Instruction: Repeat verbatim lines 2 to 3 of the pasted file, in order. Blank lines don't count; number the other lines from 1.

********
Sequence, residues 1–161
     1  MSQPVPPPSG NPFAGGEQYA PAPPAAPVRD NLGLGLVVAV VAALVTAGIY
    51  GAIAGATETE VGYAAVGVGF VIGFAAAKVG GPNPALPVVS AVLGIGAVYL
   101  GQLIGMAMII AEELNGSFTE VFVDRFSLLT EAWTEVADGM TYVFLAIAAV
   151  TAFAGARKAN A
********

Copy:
     1  MSQPVPPPSG NPFAGGEQYA PAPPAAPVRD NLGLGLVVAV VAALVTAGIY
    51  GAIAGATETE VGYAAVGVGF VIGFAAAKVG GPNPALPVVS AVLGIGAVYL